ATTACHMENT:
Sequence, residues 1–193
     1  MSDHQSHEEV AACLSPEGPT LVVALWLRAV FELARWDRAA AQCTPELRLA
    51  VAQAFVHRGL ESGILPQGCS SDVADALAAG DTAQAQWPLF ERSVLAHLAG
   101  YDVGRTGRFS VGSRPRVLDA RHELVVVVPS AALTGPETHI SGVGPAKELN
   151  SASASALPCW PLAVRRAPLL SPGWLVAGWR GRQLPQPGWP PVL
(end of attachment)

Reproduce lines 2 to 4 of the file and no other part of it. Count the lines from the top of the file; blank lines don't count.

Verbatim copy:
     1  MSDHQSHEEV AACLSPEGPT LVVALWLRAV FELARWDRAA AQCTPELRLA
    51  VAQAFVHRGL ESGILPQGCS SDVADALAAG DTAQAQWPLF ERSVLAHLAG
   101  YDVGRTGRFS VGSRPRVLDA RHELVVVVPS AALTGPETHI SGVGPAKELN